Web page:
Groundwater protection and risk assessment of contaminated sites (e.g. abandoned landfills, industrial waste facilities, gasoline stations, and dry cleaners) situated in complex glacial landscapes are extremely challenging. A common method to assess the risks for leakage and contamination of groundwater and surface water is to develop hydraulic models. However, reliable models need to contain information about both the three-dimensional (3D) distribution of the deposits and their hydraulic properties. Environmental risk assessments therefore require highly detailed digital 3D geological models. In order to construct models with this degree of detail, dense data coverage with high-quality data is necessary. Many studies rely of few data sources, resulting in relatively sparse data. In this study we demonstrate how 6 different data sources can be combined to gain new insight on the geological history, which is central to the subsequent 3D geological modelling. The analyses in this study include (i) geomorphology, (ii) spear-auger mapping and near-surface electromagnetic induction data, (iii) borehole analyses, (iv) geoelectrical profiling, and (v) transient electromagnetic measurements. The study area is located on the island of Samsø in the central part of Denmark, where a digital 3D geological model is constructed. The model consists of combined layer and voxel models and covers a small area (~1 km2) surrounding a former landfill (Pillemark). The near-surface geology is characterized by a dead-ice landscape formed by glaciers during the Weichselian ice-age. By interpreting the new data it has been possible to update and revise the geological history, which was used during the development of a highly detailed 3D geological model. This model was constructed combining layers and voxels in order to better represent the complex geology and incorporate all the details provided by the different data sources. The novel geological understanding was used to update the risk assessment of the Pillemark landfill, where a remedial pumping today is on-going. The immediate risk is related to the migration of landfill leachate downgradient through a lacustrine sandy aquifer and wetlands. Groundwater used for drinking water purposes is abstracted from an underlying sand and gravel aquifer (Tebbestrup formation), which is protected by a clay till (mid Danish till) found in the entire Pillemark area. A vertical hydraulic gradient from the upper to the lower aquifer indicates groundwater flow. However, the actual impact of landfill on the deeper aquifer has to be assessed by a detailed evaluation of the drainage system, pumping schemes and groundwater quality in the area. The 3D geological model is an important step toward the development of a groundwater flow model, required in order to establish a water balance for the hydrogeological system and estimate the vertical transport.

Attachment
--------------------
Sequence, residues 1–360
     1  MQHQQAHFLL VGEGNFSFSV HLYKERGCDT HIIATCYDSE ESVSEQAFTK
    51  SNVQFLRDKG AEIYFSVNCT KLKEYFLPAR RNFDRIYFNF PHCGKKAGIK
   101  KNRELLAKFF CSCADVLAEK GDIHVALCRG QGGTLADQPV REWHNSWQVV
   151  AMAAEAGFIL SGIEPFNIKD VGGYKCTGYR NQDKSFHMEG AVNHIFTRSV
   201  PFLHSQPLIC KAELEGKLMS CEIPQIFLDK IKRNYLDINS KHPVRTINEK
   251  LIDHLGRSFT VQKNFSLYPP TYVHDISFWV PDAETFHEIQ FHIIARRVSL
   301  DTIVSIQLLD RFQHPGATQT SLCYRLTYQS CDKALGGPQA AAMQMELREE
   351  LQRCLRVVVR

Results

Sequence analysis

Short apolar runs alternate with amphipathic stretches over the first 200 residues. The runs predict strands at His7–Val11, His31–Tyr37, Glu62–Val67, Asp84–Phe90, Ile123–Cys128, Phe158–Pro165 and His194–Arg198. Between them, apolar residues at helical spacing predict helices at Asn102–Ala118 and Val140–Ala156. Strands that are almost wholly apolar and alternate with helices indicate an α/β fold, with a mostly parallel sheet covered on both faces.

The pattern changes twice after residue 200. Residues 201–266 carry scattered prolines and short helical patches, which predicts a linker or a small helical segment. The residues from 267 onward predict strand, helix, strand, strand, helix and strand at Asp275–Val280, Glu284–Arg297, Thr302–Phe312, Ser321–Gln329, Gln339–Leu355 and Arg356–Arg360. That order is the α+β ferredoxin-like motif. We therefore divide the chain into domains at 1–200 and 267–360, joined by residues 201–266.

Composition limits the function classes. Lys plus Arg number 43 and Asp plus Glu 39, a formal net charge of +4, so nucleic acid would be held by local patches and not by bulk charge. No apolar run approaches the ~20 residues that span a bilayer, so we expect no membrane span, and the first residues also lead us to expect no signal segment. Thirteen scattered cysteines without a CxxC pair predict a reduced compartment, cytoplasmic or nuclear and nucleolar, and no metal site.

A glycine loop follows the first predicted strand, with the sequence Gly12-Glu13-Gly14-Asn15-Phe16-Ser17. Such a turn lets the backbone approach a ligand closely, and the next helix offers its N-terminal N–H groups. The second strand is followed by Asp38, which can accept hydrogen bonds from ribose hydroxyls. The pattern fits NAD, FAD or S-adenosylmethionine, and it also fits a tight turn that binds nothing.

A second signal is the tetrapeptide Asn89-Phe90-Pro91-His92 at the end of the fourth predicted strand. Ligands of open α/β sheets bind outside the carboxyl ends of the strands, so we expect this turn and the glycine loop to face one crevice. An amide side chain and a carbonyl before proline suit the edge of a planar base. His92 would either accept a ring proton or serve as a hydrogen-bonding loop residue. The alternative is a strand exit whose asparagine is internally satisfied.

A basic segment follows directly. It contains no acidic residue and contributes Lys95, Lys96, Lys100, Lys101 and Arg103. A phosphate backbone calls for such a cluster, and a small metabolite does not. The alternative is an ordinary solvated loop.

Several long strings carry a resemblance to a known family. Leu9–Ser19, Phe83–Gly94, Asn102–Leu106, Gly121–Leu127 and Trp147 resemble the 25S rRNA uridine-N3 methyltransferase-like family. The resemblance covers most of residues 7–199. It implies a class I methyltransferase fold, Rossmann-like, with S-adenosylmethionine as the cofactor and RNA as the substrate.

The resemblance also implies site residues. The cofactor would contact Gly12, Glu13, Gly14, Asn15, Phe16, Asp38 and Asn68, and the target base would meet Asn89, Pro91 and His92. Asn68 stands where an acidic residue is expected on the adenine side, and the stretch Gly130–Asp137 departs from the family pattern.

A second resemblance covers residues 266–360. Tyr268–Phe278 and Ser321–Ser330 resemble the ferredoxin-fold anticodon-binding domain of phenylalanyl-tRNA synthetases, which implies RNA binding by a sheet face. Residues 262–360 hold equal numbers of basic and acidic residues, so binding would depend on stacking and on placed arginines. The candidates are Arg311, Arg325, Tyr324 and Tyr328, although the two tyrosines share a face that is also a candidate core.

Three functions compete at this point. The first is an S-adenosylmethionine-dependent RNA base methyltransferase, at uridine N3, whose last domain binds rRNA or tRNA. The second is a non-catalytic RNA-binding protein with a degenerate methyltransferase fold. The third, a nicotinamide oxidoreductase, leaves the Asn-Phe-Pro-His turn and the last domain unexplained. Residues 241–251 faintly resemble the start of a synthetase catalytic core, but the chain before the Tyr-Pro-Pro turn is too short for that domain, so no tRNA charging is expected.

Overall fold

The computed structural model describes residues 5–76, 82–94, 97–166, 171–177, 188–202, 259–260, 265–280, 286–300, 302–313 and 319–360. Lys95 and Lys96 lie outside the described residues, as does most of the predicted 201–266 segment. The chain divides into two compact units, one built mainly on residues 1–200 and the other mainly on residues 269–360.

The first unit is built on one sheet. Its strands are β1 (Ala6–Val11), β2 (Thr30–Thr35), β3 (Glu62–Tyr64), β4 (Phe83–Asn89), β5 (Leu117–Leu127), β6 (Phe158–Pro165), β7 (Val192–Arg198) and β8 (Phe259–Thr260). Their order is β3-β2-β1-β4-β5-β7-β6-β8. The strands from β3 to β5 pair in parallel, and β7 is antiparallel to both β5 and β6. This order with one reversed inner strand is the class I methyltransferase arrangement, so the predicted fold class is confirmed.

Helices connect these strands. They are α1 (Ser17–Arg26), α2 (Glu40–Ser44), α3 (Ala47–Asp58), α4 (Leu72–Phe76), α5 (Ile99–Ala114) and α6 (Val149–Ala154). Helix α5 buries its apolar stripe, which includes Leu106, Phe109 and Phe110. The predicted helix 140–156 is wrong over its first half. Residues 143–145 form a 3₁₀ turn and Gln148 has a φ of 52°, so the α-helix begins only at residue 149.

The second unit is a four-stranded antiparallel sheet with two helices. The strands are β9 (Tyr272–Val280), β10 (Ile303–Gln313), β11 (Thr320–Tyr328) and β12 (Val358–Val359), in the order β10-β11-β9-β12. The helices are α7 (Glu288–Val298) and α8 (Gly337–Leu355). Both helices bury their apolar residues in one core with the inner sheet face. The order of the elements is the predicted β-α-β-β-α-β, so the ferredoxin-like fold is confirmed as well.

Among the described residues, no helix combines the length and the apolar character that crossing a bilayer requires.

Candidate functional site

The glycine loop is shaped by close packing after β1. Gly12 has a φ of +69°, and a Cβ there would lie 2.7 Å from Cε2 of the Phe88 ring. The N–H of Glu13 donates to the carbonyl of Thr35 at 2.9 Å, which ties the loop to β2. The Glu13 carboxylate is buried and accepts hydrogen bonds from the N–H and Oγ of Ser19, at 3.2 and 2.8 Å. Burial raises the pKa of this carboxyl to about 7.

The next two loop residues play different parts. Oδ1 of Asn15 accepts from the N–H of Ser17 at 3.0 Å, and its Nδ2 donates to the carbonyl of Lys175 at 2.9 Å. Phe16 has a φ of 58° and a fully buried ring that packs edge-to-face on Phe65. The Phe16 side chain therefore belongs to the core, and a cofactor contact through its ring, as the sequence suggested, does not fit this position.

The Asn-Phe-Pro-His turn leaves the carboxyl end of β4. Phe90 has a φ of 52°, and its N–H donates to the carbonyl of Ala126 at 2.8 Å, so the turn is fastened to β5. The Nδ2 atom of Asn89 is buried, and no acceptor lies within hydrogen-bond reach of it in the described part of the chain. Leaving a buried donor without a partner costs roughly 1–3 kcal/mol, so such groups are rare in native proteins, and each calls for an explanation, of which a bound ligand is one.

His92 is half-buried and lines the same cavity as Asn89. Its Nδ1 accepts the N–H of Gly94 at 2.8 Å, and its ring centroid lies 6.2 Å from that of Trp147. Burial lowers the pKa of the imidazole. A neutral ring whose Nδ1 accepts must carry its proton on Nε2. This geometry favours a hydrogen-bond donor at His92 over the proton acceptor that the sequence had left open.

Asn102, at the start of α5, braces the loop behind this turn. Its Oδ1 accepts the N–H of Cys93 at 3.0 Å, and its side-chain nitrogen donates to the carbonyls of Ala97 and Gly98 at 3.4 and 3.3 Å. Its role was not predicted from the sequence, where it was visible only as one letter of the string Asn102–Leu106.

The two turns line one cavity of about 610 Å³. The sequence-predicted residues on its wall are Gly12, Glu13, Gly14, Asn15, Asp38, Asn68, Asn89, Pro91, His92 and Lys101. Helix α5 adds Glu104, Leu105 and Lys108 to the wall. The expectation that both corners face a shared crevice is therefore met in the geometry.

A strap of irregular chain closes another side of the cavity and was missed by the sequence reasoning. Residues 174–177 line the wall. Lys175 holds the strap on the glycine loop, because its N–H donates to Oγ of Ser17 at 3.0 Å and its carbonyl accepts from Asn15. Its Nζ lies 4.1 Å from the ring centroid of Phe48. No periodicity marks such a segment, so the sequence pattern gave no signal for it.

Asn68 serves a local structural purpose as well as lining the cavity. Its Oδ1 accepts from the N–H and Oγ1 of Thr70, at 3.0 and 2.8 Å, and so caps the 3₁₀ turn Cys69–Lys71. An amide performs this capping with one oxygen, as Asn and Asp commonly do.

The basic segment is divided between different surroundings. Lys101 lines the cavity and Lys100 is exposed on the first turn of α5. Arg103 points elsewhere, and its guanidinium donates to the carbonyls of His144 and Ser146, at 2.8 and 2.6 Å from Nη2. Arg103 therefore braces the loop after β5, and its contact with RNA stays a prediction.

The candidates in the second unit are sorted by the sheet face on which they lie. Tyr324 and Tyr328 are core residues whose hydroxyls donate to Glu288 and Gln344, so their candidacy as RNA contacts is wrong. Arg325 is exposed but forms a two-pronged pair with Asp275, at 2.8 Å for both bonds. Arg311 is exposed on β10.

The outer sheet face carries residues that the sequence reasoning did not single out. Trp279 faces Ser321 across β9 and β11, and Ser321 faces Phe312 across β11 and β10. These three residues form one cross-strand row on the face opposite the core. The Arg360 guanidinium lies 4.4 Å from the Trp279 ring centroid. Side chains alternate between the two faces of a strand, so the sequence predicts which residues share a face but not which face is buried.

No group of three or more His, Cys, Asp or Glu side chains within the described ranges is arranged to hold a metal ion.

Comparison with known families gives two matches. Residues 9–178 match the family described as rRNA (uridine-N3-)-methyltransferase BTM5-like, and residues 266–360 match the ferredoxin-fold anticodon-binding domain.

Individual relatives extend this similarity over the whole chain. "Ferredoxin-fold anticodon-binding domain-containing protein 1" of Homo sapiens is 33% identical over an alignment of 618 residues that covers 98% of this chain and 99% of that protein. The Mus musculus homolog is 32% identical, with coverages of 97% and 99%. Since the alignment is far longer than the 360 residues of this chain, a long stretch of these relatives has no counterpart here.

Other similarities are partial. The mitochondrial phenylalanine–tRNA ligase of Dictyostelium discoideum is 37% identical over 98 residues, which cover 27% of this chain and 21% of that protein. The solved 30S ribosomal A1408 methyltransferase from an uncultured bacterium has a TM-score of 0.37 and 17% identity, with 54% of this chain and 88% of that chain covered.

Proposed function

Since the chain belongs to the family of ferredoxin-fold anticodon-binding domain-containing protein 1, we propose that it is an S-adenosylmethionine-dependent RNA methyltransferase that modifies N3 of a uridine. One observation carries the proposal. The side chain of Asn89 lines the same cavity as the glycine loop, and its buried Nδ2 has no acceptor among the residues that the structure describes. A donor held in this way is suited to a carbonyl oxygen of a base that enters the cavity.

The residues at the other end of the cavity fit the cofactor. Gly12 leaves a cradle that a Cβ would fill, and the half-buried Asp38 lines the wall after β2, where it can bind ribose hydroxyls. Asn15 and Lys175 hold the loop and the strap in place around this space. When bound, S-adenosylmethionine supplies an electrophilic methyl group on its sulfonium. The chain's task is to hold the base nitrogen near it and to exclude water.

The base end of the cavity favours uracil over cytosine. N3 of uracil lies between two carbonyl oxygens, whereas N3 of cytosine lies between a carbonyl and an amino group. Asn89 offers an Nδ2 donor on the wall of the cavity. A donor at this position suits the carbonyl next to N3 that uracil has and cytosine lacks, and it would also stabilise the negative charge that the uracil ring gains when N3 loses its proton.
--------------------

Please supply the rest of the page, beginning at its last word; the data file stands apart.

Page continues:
- Geological modelling
- Leachate risk assessment